Hatch: I'll vote yes on immigration reform

This may count as a mild surprise, at least in Utah.  Orrin Hatch opposed the original 1986 amnesty bill, which passed over his objections, and the 2007 immigration-reform effort that sank into failure.  Hatch has decided to support the current effort, he explains in a column for the Salt Lake Tribune, because this bill addresses the border-security problems the other two bills ignored, even if not exactly how he would have done it himself:


Is this legislation perfect or what I would have drafted? Absolutely not. But as it stands now, the Senate immigration bill makes sure that these 11 million people are paying into society, and fixes many of the pressing issues associated with our broken immigration system.

That’s why I will vote for it this week.

This legislation significantly strengthens border security. An amendment by my colleagues Sens. John Hoeven, R-N.D., and Bob Corker, R-Tenn., means that an additional 20,000 Border Patrol agents will be stationed along the southern border, more than doubling the current force.

It also requires that an additional 700 miles of fencing be built and that E-verify — an Internet-based system that ensures that employers hire only legal workers — be used by all businesses in the country, making it virtually impossible to work in the United States illegally.

Hatch rejects the claim that this bill is an amnesty package:

Some have said this bill grants amnesty, but that’s just not true. We have de facto amnesty right now, and this bill fixes that. The fact is that in order to be put on a pathway to citizenship, immigrants currently here illegally would be required to pay a fine, pass criminal and national security background checks and pay taxes.

Only after at least 10 years have passed and all five of these so-called “triggers” have been fully implemented can an illegal immigrant even apply for a green card. That’s hardly amnesty.


The Tribune notes that the junior Senator from Utah, Mike Lee, still opposes the bill:

His Utah GOP colleague, Sen. Mike Lee, hasn’t called it amnesty, either, but he says the legislation is still too easy on lawbreakers.

Lee will oppose the bill when the Senate votes, saying Congress should tackle this issue in pieces, starting with the border and ending with what to do with the undocumented immigrants already in the U.S.

Hatch’s move began a few weeks ago, when he began pressing the Gang of Eight to toughen the border security provisions and get tougher on back taxes.  Five weeks ago, the New York Times profiled Hatch’s growing influence on the direction of the bill, as the Go8 tried to build a wide coalition to pressure the House into action:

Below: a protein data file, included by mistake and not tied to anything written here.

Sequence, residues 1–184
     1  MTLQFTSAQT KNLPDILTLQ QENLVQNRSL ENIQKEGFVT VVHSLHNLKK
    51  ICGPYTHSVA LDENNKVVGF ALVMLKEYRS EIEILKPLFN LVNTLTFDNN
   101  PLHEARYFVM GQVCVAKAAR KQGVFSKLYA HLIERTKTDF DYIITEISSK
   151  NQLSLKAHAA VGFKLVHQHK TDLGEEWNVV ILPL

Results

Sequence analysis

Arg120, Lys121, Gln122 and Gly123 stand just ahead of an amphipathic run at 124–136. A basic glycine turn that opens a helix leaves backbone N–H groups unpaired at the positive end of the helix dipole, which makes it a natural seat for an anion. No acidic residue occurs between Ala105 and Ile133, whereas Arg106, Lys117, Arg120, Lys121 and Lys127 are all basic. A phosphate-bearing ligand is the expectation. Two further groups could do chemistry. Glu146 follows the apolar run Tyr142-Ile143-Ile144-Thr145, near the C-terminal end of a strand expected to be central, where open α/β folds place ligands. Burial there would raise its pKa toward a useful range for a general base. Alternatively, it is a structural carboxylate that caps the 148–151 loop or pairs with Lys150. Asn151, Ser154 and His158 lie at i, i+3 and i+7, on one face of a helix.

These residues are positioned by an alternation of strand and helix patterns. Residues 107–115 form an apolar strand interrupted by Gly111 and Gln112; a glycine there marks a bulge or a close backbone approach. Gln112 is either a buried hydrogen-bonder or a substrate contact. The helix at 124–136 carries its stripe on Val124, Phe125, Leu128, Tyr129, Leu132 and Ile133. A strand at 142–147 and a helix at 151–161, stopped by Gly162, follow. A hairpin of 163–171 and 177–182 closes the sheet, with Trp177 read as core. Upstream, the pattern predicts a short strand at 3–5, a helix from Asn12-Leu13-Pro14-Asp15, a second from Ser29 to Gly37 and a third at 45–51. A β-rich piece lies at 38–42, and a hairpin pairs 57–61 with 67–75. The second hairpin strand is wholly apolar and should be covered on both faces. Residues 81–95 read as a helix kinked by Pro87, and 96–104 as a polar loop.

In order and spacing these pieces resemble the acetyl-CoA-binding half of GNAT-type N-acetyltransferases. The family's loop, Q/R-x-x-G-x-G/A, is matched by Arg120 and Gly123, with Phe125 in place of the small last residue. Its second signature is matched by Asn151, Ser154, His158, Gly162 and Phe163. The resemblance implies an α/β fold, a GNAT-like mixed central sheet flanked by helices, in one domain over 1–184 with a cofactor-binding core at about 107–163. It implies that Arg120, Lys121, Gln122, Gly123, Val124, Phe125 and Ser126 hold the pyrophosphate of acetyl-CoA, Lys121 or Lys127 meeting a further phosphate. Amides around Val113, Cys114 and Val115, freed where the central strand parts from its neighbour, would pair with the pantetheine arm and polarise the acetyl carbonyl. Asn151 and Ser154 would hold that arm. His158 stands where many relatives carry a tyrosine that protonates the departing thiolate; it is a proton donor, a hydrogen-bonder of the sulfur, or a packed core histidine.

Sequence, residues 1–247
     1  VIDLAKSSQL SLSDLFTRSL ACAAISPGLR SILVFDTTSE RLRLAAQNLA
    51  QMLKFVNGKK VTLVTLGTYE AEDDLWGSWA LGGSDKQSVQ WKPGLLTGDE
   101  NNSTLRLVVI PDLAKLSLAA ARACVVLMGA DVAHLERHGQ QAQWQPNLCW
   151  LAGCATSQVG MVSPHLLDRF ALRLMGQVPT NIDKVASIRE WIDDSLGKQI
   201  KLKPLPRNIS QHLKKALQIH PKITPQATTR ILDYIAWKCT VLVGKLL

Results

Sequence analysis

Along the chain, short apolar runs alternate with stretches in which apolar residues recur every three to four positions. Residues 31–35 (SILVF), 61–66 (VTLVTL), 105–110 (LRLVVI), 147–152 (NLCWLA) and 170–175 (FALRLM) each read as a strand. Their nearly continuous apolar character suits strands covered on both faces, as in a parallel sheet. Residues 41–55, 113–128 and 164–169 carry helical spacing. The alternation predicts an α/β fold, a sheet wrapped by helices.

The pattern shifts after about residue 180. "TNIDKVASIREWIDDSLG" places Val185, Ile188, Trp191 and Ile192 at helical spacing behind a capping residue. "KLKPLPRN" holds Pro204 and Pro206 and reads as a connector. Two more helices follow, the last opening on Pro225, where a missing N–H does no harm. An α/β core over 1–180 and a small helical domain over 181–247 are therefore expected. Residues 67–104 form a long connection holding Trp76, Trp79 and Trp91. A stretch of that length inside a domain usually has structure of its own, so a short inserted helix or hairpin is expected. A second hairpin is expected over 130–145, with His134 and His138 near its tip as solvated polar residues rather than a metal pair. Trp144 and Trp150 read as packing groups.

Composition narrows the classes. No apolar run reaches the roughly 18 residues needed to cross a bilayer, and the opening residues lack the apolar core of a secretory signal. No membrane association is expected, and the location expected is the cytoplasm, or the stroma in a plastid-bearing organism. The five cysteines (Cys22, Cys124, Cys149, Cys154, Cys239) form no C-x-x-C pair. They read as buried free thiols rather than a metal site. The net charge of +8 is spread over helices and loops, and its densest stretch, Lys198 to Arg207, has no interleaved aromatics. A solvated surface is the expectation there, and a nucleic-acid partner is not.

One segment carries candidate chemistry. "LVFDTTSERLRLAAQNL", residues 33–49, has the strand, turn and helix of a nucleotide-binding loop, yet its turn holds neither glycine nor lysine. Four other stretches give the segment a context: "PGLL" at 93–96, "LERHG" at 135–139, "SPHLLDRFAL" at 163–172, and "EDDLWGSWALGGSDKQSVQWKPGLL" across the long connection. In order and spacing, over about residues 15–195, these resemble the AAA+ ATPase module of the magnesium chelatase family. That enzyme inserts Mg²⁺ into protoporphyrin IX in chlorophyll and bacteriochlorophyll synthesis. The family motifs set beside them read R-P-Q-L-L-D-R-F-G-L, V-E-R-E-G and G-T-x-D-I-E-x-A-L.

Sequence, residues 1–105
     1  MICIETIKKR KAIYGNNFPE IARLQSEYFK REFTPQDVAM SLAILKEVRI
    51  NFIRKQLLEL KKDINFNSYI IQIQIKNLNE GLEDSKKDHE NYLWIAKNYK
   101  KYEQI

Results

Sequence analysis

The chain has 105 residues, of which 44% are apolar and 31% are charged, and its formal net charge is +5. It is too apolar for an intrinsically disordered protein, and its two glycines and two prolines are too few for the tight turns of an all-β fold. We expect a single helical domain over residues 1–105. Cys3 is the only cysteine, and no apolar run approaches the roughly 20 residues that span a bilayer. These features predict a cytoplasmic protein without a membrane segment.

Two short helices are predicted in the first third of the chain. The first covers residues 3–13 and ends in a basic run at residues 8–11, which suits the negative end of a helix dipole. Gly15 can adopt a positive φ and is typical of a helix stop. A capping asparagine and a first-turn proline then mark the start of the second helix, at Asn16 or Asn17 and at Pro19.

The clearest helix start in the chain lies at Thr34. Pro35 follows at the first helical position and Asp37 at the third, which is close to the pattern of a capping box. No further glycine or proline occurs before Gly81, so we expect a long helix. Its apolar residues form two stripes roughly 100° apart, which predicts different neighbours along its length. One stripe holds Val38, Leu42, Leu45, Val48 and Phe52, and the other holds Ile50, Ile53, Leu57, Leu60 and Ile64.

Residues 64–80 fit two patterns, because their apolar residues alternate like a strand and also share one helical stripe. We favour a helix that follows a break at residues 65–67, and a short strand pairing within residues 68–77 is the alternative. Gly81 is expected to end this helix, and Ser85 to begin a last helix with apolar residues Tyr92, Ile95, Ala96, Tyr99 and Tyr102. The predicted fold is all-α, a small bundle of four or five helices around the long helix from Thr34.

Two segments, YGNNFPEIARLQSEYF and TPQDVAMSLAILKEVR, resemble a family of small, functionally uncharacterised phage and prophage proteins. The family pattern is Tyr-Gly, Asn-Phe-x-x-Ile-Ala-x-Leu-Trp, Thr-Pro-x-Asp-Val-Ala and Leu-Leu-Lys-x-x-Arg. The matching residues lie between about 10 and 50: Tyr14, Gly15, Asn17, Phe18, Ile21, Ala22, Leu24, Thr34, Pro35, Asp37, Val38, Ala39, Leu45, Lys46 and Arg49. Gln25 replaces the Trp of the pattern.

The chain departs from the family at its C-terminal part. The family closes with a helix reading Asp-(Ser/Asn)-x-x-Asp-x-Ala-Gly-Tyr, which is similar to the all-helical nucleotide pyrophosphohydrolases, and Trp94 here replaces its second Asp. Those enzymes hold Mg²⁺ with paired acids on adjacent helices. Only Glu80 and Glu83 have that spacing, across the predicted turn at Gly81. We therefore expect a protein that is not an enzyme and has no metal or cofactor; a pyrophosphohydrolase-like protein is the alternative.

Members of the bipartisan group of eight senators who drafted an overhaul of the nation’s immigration laws see Mr. Hatch as a potentially influential partner. He was an original co-sponsor of the Dream Act for younger immigrants and has shown a willingness to embrace other immigration legislation as well. Though he ran to the right during a primary challenge in the 2012 election, they believe he might be brought back into the fold now that he is safely ensconced in his seventh Senate term.

“Senator Hatch is somebody who understands these issues well, has a long history, and it would very valuable to have him support our bill, both in committee and on the floor,” said Senator Charles E. Schumer, Democrat of New York and a member of the bipartisan group, who also sits on the Judiciary Committee with Mr. Hatch.

In an effort to increase Mr. Hatch’s investment in the legislation, Mr. Schumer and other members of the bipartisan group on Monday threw their support behind a Hatch initiative to begin collecting biometric information like fingerprints at airports to register immigrants when they leave the country.

With the exception of two Republican members of the bipartisan group who also sit on the Judiciary Committee — Senators Jeff Flake of Arizona and Lindsey Graham of South Carolina — Mr. Hatch is considered the other Republican member most likely to support the bill, which would give it some conservative gravitas as it heads to the Senate floor.


The biometric provisions made it into the final version of the bill, but a couple of other demands did not.  Hatch wanted a delay on ObamaCare benefits for the normalization group, and also wanted a tougher approach on back taxes, both of which the Go8 refused.  They did agree to block Social Security benefits during the normalization period and requirements to keep those without permanent residency from accessing welfare benefits, under pressure from Hatch.

The big question will be whether Hatch’s support puts more pressure on the House.  The Senate will pass this bill soon enough, but the House leadership is more inclined to follow Mike Lee’s strategy.

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